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Booz & Co.

In the world of management consulting a few firms gain the majority of attention. They suck the oxygen out of the media placement leaving little room for some other giants to get their fair play. Beyond BBM, a few firms stand out which deserve far greater attention than they now receive, far greater eminence than their brands have, and far greater recognition for their dominance in selected fields. AT Kearney is a star in the operations consulting space. Roland Berger is the fast-rising general consulting firm. And then there is Booz & Company.

Booz is one of the most respected management consulting firms in the world. They “own” the public sector space, especially in the USA and have one of the largest foot-prints in the world. Yet, 7 out of 10 aspiring consultants either do not have them on their target list since they believe Booz lacks eminence. Given the obvious eminence of the firm, we wonder why?

Edwin G Booz, a North Western University, graduate founded the company back in the 1914, thereby pre-dating McKinsey and AT Kearney by a good few years. In 1939, on a cool autumn day, the firm received its first major contract to help the US Military with “procurement and planning” for the war effort. With the Roosevelt administration increasingly angling to enter the war, the US government wanted guarantees that the economy and military could be ready for the conflict. The work done by Booz became a blue-print study which was repeated in 1945 when the government wanted to understand the effects of demobilization. The pre-cursor to the term military-industrial-complex was first alluded to in a 1945 briefing document submitted to the US government, and was made famous when President Eisenhower’s aides dusted off this study and prepared a presidential update using an adapted version of the Booz terminology.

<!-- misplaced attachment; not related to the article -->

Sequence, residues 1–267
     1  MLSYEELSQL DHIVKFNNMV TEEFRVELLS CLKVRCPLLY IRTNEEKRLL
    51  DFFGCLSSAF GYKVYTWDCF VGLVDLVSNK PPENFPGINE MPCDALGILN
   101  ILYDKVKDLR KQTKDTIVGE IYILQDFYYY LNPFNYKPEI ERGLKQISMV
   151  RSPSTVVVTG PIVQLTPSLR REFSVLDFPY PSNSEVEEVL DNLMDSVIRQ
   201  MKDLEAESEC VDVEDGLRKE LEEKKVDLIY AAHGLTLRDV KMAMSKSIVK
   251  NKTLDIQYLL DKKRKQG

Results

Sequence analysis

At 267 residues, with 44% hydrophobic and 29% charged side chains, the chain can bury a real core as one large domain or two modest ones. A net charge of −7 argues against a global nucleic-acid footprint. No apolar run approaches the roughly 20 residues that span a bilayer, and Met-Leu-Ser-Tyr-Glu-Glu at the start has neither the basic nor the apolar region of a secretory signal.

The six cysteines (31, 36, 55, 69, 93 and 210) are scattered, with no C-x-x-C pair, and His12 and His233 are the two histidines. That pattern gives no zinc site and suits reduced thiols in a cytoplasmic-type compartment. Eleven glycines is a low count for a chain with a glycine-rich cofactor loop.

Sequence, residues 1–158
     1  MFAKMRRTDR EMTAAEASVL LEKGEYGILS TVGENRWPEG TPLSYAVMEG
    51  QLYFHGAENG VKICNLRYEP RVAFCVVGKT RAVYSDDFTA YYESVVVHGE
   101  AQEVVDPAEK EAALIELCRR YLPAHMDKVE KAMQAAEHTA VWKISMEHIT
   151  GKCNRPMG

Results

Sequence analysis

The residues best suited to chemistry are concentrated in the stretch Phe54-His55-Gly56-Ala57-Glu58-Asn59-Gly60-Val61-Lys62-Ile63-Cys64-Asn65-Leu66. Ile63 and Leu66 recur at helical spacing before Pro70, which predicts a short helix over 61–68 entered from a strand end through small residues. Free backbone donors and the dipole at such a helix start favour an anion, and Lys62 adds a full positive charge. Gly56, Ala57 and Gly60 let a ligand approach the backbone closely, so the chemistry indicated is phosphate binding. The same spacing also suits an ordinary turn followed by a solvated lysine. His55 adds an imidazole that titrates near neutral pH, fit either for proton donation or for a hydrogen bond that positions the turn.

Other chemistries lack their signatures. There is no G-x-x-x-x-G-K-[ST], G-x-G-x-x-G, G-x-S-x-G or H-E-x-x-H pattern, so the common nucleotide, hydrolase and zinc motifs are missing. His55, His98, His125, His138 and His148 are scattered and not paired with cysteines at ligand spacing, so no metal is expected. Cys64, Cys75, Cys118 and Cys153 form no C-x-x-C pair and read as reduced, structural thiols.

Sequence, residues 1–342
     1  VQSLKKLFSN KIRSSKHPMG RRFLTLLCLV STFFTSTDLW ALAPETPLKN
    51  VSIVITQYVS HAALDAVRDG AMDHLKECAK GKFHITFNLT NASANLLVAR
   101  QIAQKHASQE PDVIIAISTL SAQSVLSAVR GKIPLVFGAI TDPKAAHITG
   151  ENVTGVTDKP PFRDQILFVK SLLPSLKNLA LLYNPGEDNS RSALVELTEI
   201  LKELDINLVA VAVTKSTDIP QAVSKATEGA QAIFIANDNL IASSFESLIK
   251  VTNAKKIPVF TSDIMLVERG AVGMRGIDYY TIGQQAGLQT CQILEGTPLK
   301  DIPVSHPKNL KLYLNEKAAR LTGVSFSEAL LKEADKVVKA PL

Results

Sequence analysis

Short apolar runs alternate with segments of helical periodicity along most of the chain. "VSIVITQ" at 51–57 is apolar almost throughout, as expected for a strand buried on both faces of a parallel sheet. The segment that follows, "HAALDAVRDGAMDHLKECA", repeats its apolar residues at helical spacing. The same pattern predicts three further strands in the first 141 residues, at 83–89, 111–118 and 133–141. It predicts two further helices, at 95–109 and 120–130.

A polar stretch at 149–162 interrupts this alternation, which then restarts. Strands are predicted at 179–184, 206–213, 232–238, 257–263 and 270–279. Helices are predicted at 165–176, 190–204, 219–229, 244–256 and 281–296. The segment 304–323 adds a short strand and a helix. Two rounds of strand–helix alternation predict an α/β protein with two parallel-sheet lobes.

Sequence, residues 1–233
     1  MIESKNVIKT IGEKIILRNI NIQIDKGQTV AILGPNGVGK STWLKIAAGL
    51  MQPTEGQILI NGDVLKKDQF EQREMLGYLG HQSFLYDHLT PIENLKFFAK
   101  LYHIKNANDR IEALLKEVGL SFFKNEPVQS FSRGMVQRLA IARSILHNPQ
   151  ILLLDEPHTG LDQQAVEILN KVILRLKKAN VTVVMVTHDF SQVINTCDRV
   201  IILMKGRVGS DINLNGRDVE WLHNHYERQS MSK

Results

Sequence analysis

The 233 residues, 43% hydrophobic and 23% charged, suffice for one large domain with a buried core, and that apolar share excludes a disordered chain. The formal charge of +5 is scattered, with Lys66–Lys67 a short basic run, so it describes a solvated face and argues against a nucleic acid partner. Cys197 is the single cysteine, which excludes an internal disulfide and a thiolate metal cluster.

It did not make the cover that year due to the escalating tensions with the USSR, but due to these tensions the one firm which was doing more than anyone else to protect the free world, got the recognition it deserved – but did not seek.

The firm has expanded this relationship to become, arguably, the most important consulting partner to the US government (BAH may disagree on this), the governments of the UAE and other ministries around the world. Landmark engagements include:

• Breaking up Ma Bell.

• Organizing the NFL.

• Designing the Aircraft Carrier Strategy of the Armed Forces.

• Working on the Ballistic Missile Defence Strategy.

• Designing the earlier warning systems.

• Developing a mobilisation strategy after the Korean War.

In 1959, Booz was called the most “prestigious” consulting firm in the world by Time Magazine. It did not make the cover that year due to the escalating tensions with the USSR, but due to these tensions the one firm which was doing more than anyone else to protect the free world, got the recognition it deserved – but did not seek.

Given Booz’s remarkable heritage, legacy and awards, it is painfully humble. You would never know its history if you visited their major offices in Chicago or New York. You would never know the firm was so steeped in culture. Booz consultants like to keep a low profile. I suppose that makes sense when you are guarding the secrets of many nations. Anyone ever heard of Shumeet Banerji? The firm’s managing partner is an HP board member, Kellogg doctorate and Booth faculty member. He is one of the most respected advisors in business, and truly understands the role of an advisor: he stays out of the media and simply advises from behind the scenes. This is a marked difference from the likes of Bain or even McKinsey whose leaders are all over the media.

Typical terms used by Booz consultants to describe their culture include:

“High energy”

“Prestige”

“Low key”

“Competes with the best”

“Living by our results”